Preventing boredom is an essential but difficult part of teaching. By identifying the causes of boredom, educators can keep students alert and focused. Let's explore some strategies for fighting boredom among your elementary students.
Attention Spans in the 21st Century
In the struggle to keep students focused and engaged, teachers in the 21st century face an uphill battle. Constant distractions and the accessibility of various forms of media have taken a drastic toll on the average child's attention span, to the point that most elementary school children have trouble staying focused for more than a few minutes at a time, according to the Student Coalition for Action in Literacy Education.
As a result, students are now even more likely to succumb to boredom in the classroom, and you need to be ready to fight this impending sense of apathy. Fortunately, the very same causes of boredom can also be used to fight it.
Use Technology as a Tool
There's a seemingly non-stop stream of articles and blog posts about the negative impact of technology on the average student. To hear these people tell it, technology such as cell phones and mobile devices represent a serious threat to our education system. There certainly is some truth to this perspective, but what these arguments fail to consider is how technology can be used to help keep students interested.
In summation, technology can make learning interactive, innovative and engaging. Students learning science can use 3D models to understand how cells work, while students learning a foreign language can use any number of online games or applications to test their skills. When used wisely and in moderation, technology is an invaluable source of both information and entertainment.
Even sites that are typically viewed as distractions, such as YouTube, have dozens of educational series that present important material in a fun and innovative way. As long as you fact-check these videos and ensure that the information is accurate, they can be an excellent learning tool as you combat boredom.
Find Your Balance
While it is important to incentivize certain forms of learning, you must be careful not to inadvertently make your students think of traditional study as less enjoyable or effective.
Students may prefer certain activities, but learning is still the top priority, and that can mean putting your foot down and enforcing more rigid instruction methods. The standard 'lecture format' may not be very fun, but sometimes it is the most effective way to reach your students, and they need to realize that school is not always fun.
Students should find your classroom to be engaging, but you need to make it clear that essays, book reports, and other challenging projects are a necessary part of the learning process, even if they aren't especially enjoyable.
Just because you need to present information that students might not find interesting, it doesn't mean that you can't make the learning process more enjoyable. By presenting seemingly mundane information in an exciting format, you can easily get students interested.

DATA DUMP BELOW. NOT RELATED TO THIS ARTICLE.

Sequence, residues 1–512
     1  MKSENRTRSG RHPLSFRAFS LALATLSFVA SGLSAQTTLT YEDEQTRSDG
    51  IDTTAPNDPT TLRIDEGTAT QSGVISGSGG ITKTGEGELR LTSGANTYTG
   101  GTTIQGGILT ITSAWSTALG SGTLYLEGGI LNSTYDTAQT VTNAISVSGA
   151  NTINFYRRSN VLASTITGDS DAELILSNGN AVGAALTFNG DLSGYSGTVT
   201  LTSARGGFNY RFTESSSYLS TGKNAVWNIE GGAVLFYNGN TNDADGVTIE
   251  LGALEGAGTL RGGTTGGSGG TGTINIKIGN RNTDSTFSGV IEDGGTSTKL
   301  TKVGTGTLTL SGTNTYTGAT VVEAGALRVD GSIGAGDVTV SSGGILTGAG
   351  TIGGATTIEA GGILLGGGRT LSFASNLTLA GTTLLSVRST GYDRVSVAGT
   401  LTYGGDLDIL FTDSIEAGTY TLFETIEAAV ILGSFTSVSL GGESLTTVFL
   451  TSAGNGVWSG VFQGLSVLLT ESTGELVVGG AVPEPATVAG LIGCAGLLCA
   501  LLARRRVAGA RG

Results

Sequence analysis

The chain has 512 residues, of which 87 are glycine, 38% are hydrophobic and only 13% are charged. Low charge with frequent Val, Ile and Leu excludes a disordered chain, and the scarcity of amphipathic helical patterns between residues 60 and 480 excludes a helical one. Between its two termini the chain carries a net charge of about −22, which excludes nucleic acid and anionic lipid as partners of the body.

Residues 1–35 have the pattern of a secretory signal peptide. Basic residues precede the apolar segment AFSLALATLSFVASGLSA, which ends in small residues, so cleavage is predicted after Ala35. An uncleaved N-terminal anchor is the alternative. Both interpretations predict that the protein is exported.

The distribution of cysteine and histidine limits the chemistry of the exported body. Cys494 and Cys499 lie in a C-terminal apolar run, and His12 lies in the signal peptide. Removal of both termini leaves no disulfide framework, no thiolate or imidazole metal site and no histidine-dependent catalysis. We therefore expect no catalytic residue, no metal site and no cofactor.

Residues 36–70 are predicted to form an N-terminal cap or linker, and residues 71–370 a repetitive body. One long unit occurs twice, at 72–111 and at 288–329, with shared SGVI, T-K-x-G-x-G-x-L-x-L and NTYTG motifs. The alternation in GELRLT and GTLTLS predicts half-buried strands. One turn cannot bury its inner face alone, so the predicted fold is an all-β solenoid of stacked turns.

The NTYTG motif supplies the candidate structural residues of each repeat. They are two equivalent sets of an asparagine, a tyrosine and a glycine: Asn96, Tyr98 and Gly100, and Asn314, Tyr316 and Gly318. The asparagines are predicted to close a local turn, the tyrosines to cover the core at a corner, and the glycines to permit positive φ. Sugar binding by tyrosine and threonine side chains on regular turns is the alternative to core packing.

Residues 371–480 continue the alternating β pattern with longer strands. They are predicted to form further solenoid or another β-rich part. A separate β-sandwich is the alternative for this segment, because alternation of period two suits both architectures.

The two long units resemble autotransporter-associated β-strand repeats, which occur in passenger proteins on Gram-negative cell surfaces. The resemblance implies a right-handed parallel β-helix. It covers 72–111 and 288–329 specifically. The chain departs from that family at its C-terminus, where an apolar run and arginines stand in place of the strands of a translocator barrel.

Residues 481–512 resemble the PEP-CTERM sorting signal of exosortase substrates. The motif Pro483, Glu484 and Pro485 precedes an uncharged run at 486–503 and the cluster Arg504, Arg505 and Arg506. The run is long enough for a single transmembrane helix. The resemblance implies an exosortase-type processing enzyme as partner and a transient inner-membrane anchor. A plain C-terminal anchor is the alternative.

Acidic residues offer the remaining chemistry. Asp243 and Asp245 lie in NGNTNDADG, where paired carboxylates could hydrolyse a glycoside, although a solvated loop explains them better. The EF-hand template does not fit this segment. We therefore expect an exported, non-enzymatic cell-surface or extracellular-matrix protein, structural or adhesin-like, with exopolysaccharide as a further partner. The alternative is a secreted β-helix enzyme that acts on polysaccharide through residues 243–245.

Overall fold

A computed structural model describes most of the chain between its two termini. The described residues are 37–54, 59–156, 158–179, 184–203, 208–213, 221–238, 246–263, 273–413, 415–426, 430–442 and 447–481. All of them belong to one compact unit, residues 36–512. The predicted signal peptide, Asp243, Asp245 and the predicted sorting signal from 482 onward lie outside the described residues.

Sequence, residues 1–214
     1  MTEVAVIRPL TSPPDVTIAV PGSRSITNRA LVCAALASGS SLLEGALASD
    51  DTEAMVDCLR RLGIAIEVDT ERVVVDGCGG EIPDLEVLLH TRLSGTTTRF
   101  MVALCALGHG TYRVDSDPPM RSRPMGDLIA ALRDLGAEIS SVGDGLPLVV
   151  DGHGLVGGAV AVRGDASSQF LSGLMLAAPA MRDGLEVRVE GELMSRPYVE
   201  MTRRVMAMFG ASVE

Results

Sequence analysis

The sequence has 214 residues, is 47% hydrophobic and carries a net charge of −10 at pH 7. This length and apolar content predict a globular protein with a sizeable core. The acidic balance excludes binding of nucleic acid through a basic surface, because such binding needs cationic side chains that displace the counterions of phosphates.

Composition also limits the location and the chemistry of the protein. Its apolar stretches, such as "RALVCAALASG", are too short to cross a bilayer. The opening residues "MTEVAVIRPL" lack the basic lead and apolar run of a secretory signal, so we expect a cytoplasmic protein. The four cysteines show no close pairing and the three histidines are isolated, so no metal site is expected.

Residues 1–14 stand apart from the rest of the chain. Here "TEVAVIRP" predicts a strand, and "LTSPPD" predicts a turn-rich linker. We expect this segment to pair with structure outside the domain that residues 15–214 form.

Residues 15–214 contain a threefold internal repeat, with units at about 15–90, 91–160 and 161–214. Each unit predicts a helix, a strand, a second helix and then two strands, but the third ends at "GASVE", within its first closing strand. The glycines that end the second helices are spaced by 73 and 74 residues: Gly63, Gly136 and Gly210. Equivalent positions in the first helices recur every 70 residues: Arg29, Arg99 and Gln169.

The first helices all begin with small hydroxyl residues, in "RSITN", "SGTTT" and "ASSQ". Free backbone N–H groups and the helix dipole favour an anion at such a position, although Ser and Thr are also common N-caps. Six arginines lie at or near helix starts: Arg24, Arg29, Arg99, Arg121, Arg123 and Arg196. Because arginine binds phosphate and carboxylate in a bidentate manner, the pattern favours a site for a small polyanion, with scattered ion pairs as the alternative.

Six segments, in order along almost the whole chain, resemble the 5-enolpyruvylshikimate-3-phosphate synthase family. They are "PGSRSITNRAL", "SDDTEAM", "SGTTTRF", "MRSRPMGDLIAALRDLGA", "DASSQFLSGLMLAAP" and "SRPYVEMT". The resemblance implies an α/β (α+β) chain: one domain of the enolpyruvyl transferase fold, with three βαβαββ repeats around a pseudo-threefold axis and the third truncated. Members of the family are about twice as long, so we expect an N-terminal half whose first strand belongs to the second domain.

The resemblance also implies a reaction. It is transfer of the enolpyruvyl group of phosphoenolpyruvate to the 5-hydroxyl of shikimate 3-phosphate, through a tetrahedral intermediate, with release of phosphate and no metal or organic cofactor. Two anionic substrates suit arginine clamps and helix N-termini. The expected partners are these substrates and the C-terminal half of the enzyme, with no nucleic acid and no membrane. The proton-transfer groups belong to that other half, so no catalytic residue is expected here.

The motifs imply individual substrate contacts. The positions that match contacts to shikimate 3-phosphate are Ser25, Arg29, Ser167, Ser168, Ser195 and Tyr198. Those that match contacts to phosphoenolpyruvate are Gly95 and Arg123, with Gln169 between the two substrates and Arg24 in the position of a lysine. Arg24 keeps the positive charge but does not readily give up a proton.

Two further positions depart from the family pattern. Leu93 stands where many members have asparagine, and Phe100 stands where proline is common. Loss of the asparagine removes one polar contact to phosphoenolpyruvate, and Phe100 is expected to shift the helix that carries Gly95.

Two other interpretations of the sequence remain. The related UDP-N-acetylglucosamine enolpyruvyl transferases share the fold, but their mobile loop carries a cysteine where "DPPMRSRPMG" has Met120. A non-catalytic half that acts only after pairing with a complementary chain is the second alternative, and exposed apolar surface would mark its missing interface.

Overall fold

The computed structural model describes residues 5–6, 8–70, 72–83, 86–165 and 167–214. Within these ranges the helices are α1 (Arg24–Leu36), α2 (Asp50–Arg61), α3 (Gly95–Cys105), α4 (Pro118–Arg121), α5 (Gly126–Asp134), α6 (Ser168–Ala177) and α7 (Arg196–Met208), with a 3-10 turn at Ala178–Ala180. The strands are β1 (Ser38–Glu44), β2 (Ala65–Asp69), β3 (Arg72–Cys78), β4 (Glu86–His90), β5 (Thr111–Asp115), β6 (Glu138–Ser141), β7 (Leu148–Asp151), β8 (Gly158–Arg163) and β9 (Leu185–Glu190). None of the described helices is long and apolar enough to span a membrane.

If you're having trouble thinking of inventive ways to engage your students, fear not! Thanks to sites like Pintrest, you can browse a virtually endless selection of fun lesson plans that have been tested and approved by your fellow educators. These online communities are frequently updated as teachers find new strategies or improve upon existing ones, so you can check back at regular intervals and find a fresh stock of ideas whenever you find yourself needing help.
Of course, you can also seek advice from in-person sources, as well. Consult your more experienced co-workers. Not only can they offer feedback and advice, but their direct knowledge of your school is sure to come in handy as you find ways to fight boredom.
Adapt to Your Audience
As you experiment with various techniques, pay close attention to your students' reactions. What do they seem to like? Is there anything that seems to be working particularly effectively? If your students do not take to a particular activity, try to assess why. Did they find it boring? Too complicated?
By keeping an eye on the successes and failures of your strategies, you can invent new tasks or tweak existing ones to create an experience that is both engaging and fun.
Transition Frequently & Smoothly
In regards to the notoriously short attention span mentioned above, a constant desire for something new can actually be advantageous if you are savvy enough to recognize the opportunity.
Employing a variety of teaching strategies and formats allows you to switch things up at a moment's notice. You might begin the day with a lecture, then transition to a movie, and finish things off with an interactive assignment of your own design. Or maybe you'd prefer to start with a YouTube video before hosting a discussion and allowing students to share their thoughts. The possibilities are endless, and the frequent changes will keep children on their toes and excited for the next activity.
Too much change, however, can have serious repercussions. Constant transitions keep children alert and focused, but at a certain point, children become overwhelmed and lose focus. If you move too quickly or change subjects before students completely grasp an idea, you run the risk of dividing their attention, leading to confusion and boredom. Allot an even, appropriate amount of time for each activity, and build buffer zones into your daily schedule in the event that you need to go over content a second time.
Keeping children focused can be a tall task, but by identifying potential distractions, you can fight boredom and devise engaging lesson plans that are sure to intrigue.